Workers in the private sector collect an average of 24.3 cents in various benefits for every dollar they make in wages, but those in Milwaukee's public school district collect 74.2 cents in benefits -- or about three times as much.
How can that be? Well, start with Social Security and Medicare, which all workers collect, and to which their employers contribute 7.65 percent of their wages. But in Milwaukee, the state's largest school district, teachers also belong to the state pension plan, which requires a contribution of 6.8 percent of wages from their employer plus 6.2 percent from the employee. Except that in Milwaukee, the public pays the teachers' share, too.
In that city's school district, teachers get another, supplemental pension funded by the school district, which puts up 4.2 percent of their salaries to pay for it. The teachers pay nothing.
The school district pays the other school employees' share of a separate pension plan, contributing 5.5 percent of their salaries to the plan. The school district also pays the entire cost of their employees' medical and vision benefits, and over half the cost of their dental insurance.
The teachers' union itself sponsors these insurance plans, so benefits are generous. And the premiums collected may be higher than they would be in a more competitive market. The school district winds up paying 38.8 percent of these employees' wages for their health insurance. (Compare to the national average of 10.7 percent of wages paid by employers in the private sector.)
Then there is the health insurance the taxpayers of Milwaukee pay for retired public employees. The public pays the entire premium in effect at retirement. It's a great deal for public employees. Not so great for the public.
"Overall," to quote Professor Costrell, "the school district's contributions to health insurance for employees and retirees total about 50.9 cents on top of every dollar paid in wages. Together with pension and Social Security contributions, plus a few small items, one can see how the total fringe benefits reaches 74.2 percent" of wages.
Gov. Walker would be happy to bargain over just the salaries of state employees. But he realizes that it's the benefits they draw, which add up to that additional 74.2 cents for every dollar paid in wages, that are eating up school budgets like Milwaukee's. And his state's fiscal integrity.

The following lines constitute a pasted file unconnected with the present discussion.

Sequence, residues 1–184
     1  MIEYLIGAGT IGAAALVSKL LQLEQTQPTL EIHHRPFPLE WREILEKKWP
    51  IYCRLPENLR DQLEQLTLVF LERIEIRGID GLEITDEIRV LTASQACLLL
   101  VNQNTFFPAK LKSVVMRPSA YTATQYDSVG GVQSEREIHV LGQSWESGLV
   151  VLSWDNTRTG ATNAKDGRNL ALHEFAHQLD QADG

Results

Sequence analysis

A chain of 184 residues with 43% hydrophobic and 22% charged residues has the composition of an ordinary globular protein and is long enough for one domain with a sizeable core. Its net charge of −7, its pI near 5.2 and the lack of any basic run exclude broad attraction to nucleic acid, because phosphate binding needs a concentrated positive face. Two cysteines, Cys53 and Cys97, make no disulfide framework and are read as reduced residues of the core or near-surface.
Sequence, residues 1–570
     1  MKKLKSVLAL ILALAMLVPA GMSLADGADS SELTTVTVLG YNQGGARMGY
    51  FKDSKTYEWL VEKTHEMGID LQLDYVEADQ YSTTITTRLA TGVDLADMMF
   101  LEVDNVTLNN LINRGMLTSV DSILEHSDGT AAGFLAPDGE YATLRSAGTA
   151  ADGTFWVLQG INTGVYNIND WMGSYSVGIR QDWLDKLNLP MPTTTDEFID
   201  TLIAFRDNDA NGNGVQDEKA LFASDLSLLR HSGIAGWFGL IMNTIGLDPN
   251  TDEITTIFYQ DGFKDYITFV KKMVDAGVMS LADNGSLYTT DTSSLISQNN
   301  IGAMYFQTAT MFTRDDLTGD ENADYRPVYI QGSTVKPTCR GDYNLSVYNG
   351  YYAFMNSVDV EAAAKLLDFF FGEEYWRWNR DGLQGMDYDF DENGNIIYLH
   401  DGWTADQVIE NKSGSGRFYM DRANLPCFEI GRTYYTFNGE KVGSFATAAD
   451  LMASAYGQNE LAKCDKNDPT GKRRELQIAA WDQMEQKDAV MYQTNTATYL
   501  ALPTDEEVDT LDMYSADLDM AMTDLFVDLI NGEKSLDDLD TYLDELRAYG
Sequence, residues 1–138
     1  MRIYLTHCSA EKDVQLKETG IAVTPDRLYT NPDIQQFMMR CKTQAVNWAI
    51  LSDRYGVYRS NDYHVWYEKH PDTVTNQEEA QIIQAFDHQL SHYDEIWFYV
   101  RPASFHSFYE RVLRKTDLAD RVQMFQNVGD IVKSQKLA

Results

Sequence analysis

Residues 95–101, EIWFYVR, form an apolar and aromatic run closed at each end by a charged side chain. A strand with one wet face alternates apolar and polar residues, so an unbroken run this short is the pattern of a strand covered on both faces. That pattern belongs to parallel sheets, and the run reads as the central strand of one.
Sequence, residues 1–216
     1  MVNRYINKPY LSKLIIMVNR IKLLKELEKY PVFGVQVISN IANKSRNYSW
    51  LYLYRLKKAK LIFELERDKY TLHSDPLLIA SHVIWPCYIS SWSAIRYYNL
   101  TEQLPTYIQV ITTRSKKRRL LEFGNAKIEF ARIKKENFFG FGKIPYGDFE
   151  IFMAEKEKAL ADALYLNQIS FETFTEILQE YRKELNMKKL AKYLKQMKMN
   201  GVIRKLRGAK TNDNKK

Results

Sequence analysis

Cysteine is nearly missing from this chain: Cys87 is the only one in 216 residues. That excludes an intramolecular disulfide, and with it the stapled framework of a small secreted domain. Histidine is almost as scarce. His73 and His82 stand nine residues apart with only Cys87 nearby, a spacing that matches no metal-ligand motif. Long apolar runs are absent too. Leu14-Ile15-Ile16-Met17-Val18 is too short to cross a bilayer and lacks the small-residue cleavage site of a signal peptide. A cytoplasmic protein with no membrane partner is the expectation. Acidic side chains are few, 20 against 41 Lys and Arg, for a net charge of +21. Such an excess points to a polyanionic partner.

No wonder Wisconsin's newly elected governor wants to restrict collective bargaining for public employees in his state to salaries, not benefits. For when it comes to the pay structure for teachers in school districts like Milwaukee's, the "fringe" has become almost as big as the whole fabric.
Wisconsin's governor and the Republican majority in its legislature are trying to reshape the terms of public employment in Wisconsin to make it more like the federal system, in which workers and their unions may negotiate personnel practices -- like who has to pay for cleaning uniforms -- but little else.
Eliminating the web of special privileges and extravagant benefits that unions have negotiated for themselves in Wisconsin won't solve all that state's fiscal problems. But it would be a start -- a good start. Just because it wouldn't solve all that state's financial problems doesn't mean it wouldn't address a major one.
The federal government has no such problem with unions, not having any with real clout. Its chief executive is named Barack Obama, and while he's made some sympathetic noises about union demands in Wisconsin, he shows no sign of changing the federal system.
Even while talking a good union game, the president doesn't seem at all inclined to give public-employee unions the kind of power over the federal government that they have over state government in Wisconsin. For this president and CEO, preaching is one thing, practice quite another. And who can blame him? He's got enough budget problems of his own without risking the kind that are sinking Wisconsin -- and many another state government.
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